The shift in my scholarly activities to emphasize SoTL has been an exciting and rewarding experience. As much as I enjoy my basic science research and being in the laboratory, the ability to use a lot of the skills I gained from my basic science research to tackle key questions in the classroom to improve on student learning, to investigate if a technology I am using is helpful for student learning, to identify best practices in the use of a particular technology and to address critical issues in distance education have provided me with many opportunities to challenge myself, collaborate with many colleagues and students, improve on how I teach, provide colleagues with practical ways to address key issues in their classroom, and offer my knowledge and expertise locally, nationally, and internationally. In addition, I have recognized that each of us in academia have to seek opportunities to excel in what we do and that the pursuit of original discovery is not limited to our main expertise gained in graduate school or clinical residencies. We always have to fine tune it and channel it into related and new areas based on interest or necessity. Finally, the rewards for the above have been beyond any of my expectations. While it is certainly rewarding to be acknowledged for expertise in a particular research area, taking time to expand into other areas — especially those of interest — can be accomplished by any faculty member who is motivated, committed, and resourceful. Doing so can bring personal gratification, better awareness of possibilities for a wider range of scholarly activities, diverse research projects that energize research activities within an institution and address the need for scholarly work in new areas within schools/ universities, rewarding collaboration opportunities with faculty members across the campus, and local, national, and international recognition for oneself and one's institution.
In addition to the above, the rewards in the classroom are great as well. Over the last 10 years, I have been able to document an improved student experience and satisfaction based on the many modifications I made to how I teach and teaching methodologies I utilize, and just by addressing student perceptions from the many projects I have conducted over the years. For example, in the medicinal chemistry courses, student overall attitude towards the course and its relevance to their career goal certainly has improved, with less students questioning the clinical relevance of the course and indicating that it is an essential course for understanding drug action and therapeutic decision making. Student perception of the instructor has also improved with the majority of students appreciating the instructor's enthusiasm and effort. In distance education, for example, strategies were developed to help ensure that both performance and learning parity existed between our campus and distance students, and that the 4 important interactions in distance education were optimized for our distant student cohort.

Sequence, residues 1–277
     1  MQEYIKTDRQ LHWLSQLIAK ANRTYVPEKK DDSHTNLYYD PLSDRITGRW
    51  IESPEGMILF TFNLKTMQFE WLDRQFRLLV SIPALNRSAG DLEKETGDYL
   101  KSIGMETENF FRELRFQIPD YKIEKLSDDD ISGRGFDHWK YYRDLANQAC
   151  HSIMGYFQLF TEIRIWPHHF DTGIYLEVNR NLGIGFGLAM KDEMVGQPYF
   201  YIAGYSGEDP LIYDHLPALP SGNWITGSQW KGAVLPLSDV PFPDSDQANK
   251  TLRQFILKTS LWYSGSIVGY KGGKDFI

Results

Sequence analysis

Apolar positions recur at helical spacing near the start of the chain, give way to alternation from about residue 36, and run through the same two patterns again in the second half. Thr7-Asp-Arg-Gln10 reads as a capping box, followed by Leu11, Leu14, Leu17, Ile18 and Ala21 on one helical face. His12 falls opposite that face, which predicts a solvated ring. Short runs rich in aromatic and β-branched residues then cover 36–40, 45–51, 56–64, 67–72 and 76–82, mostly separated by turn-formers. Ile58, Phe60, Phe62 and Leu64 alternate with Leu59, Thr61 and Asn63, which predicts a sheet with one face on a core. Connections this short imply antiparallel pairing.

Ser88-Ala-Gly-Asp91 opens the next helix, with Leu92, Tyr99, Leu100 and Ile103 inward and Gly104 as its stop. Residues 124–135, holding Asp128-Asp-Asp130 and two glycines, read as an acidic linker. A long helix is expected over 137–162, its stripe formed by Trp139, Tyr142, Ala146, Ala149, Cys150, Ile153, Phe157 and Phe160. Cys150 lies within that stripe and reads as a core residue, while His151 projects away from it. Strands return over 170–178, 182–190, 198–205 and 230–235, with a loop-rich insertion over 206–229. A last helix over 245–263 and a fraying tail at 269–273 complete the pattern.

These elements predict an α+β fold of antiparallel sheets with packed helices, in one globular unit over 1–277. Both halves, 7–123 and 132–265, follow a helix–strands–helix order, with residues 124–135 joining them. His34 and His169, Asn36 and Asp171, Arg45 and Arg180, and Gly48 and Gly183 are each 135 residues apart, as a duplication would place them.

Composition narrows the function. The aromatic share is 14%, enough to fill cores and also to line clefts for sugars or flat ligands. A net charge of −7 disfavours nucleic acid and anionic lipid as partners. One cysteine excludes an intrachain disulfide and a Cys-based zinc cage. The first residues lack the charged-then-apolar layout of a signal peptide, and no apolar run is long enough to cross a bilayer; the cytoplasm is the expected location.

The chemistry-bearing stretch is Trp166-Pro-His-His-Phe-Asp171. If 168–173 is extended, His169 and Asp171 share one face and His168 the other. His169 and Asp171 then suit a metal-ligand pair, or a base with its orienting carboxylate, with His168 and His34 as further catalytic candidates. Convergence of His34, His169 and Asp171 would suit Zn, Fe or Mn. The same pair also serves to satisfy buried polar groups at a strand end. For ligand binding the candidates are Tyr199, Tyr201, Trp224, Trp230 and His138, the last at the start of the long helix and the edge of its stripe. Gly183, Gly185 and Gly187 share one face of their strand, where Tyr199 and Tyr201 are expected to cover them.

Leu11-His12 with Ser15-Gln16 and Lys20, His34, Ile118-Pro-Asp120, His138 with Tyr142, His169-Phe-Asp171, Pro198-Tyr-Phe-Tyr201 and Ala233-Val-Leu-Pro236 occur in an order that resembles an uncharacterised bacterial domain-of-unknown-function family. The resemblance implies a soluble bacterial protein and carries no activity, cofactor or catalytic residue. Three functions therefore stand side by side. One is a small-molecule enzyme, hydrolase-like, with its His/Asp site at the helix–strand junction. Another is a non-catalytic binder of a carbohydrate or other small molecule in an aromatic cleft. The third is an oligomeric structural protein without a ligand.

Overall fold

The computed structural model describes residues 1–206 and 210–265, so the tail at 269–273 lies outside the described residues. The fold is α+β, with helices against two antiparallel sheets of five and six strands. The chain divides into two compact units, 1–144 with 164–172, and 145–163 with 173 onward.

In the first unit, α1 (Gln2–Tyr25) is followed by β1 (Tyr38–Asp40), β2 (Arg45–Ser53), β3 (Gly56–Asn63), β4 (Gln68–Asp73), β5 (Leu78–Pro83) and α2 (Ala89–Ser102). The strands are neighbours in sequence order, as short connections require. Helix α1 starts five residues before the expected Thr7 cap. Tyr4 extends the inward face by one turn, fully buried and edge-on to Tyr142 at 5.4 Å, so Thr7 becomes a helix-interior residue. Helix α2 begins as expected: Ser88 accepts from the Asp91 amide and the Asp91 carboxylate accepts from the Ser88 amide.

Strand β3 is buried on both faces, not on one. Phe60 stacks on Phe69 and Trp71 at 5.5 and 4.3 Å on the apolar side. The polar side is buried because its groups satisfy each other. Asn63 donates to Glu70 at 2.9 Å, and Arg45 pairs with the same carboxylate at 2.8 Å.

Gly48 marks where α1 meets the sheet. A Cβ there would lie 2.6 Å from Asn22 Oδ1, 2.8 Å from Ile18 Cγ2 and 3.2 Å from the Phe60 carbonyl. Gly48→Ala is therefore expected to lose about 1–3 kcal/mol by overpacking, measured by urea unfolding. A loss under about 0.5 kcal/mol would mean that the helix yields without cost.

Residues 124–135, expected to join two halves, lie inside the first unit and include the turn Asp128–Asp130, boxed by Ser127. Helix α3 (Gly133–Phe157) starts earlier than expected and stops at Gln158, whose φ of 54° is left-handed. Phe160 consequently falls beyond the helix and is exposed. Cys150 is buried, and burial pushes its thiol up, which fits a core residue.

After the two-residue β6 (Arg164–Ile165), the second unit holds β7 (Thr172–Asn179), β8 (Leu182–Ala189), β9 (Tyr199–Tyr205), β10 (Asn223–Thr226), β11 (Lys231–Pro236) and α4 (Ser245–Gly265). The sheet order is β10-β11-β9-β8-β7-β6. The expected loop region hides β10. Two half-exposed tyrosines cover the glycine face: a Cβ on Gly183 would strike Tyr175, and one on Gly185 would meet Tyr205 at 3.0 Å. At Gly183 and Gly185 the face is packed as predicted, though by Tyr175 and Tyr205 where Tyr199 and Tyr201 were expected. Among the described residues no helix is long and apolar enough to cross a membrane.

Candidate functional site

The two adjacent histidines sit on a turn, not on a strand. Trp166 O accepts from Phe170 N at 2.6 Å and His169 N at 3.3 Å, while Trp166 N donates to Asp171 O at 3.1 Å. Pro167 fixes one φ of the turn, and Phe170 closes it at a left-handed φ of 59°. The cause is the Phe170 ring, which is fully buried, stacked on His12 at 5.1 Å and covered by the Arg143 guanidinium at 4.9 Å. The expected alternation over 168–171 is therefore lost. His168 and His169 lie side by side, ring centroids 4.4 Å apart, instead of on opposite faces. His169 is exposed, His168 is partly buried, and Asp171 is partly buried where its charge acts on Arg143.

New and seasoned basic science and clinical faculty members alike must be encouraged and rewarded for pursuing the SoTL. Certainly, AACP can play a major role in that by emphasizing the importance of SoTL in its strategic plan and its policies and recommendations to member schools. In some cases, SoTL can be a good avenue for faculty members to pursue if they work at an institution lacking an infrastructure for basic or clinical science research, or if they are having difficulty obtaining funding in their own area of research or in finding committed research collaborators or qualified graduate students for their main area of research. In addition, increased administrative duties, clinical responsibilities, or personal issues may make it difficult to pursue their own basic or clinical science research. Further, in schools where, for example, there is more emphasis on teaching, service learning, use of technology, and distance education, SoTL provides a great opportunity to contribute scholarly to this goal. Certainly, a background in basic or clinical science research is an asset to these faculty members and I have no doubt that they can have a winning combination.